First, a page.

The toddler and her brother were at home with their mother when the attack took place.
The girl’s young mother and her ex-boyfriend argued over money, a federal indictment says.
The argument escalated, according to the court’s indictment, and the mother stabbed him in self-defense. He then stabbed her repeatedly late Sunday at her Lansing apartment, the document said.
She managed to escape, go to her mother’s house and call the police. But she left behind her two children, the indictment says.
Her 1-year-old son was soon found unharmed in the apartment, the agency said.
But the boy’s 2-year-old big sister, Wynter Cole-Smith — in a white T-shirt with rainbows, her hair in braids down to her shoulders — was gone.
The Lansing Police Department issued early Monday an AMBER alertflashing cell phones, radios, TVs and road signs to aid their search for Wynter and suspect Rashad Maleek Trice, possibly in a white 2013 Chevy Impala.
Reports like this, says the National Center for Missing & Exploited Children, “are usually resolved within hours.”
And sure enough, just before dawn on Monday, an officer saw Trice. After a police chase, he collided with a stolen Impala into a squad car about 90 miles from Lansing in St. Clair Shores, Michigan, and was taken into custody after attempting to take an officer’s gun, the federal prosecutor said. charge.
But Wynter was not with him.
Lansing Police along with the FBI and others knocked on doors and deployed sniffer dogs. They asked strangers for surveillance video at the doorbell, launched helicopters with heat signature technology and drones, and even called in a dive team, Chief Ellery Sosebee said at a news conference Tuesday.
But not a little girl.
“Wynter is one of our children,” the chief said as families across America gathered to celebrate the Fourth of July. “And we won’t rest until we find her.”
The FBI announced a $25,000 reward for information to locate Wynter.
The hours dragged on.
“We just want to find her,” Wynter’s father told the Detroit Free Press Wednesday. Her 22-year-old mother, whom authorities have not named, was nearby when volunteers searched a suburb north of the city in hopes of finding their daughter, the paper reported.
Still no trace.
That night, FBI agents made a discovery.
Devin Kowalski, acting FBI special agent, gave few details, telling reporters, “This is not the outcome we hoped for.”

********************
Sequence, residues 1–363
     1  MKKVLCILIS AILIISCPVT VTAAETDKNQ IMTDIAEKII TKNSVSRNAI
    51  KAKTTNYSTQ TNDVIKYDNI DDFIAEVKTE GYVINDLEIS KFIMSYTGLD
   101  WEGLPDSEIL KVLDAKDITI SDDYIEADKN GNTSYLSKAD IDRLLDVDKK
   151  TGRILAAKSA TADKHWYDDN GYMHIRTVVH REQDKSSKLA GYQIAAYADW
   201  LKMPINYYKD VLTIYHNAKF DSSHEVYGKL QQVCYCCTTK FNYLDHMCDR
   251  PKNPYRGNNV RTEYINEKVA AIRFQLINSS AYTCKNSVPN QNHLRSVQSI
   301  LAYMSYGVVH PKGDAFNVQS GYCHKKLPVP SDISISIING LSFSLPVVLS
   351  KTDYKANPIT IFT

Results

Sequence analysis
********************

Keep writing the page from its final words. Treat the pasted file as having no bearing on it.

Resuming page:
“We are devastated by the tragic news that Wynter Cole Smith passed away today,” Ingham County Attorney John Dewane said in a statement. “Our hearts are with Wynter’s family as they begin to process and grieve the needless loss of a beautiful two-year-old.”
The investigation, he said, had moved from a missing person case to a murder investigation.
Trice, 26, has been charged with assault with intent to murder, first-degree criminal assault, first-degree home invasion and other crimes, court records show.
On Friday, federal prosecutors charged him with abducting a minor and abduction resulting in death. If convicted on the latter charge, he could face life in prison or the death penalty.
Trice declined to comment on the state’s allegations through hi
s attorney, but CNN received no response on the federal case. Trice is being held without bond, with a hearing on July 13.
According to the federal court document, investigators concluded that the toddler had likely suffocated on a pink cell phone charging cord found next to her body. The charging cord matched the pink cord parts removed from the car, the complaint says.
“It’s so hard to imagine the last moments of little Wynter’s life,” U.S. Attorney for the Eastern District of Michigan, Dawn Ison, said in a press release.
An FBI agent says in the indictment that cell phone data, information from license plate readers and surveillance video led them to the girl’s body on Wednesday.
Now Wynter’s relatives are planning a vigil on Friday night.
“We are heartbroken at the loss of our beautiful daughter, granddaughter, nephews, niece and big sister,” her family said in a statement Thursday.
“Wynter’s short but beautiful life has been needlessly taken from her; and we will mourn her death forever.
CNN’s Artemis Moshtaghian contributed to this report.
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